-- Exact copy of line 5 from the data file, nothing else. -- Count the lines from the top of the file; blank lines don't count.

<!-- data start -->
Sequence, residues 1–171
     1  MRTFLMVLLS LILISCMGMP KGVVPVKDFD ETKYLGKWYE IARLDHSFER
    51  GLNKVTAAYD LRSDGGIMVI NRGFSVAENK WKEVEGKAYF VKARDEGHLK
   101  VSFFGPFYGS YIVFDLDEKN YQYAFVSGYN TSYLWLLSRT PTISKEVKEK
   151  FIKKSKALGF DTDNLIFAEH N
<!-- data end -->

   151  FIKKSKALGF DTDNLIFAEH N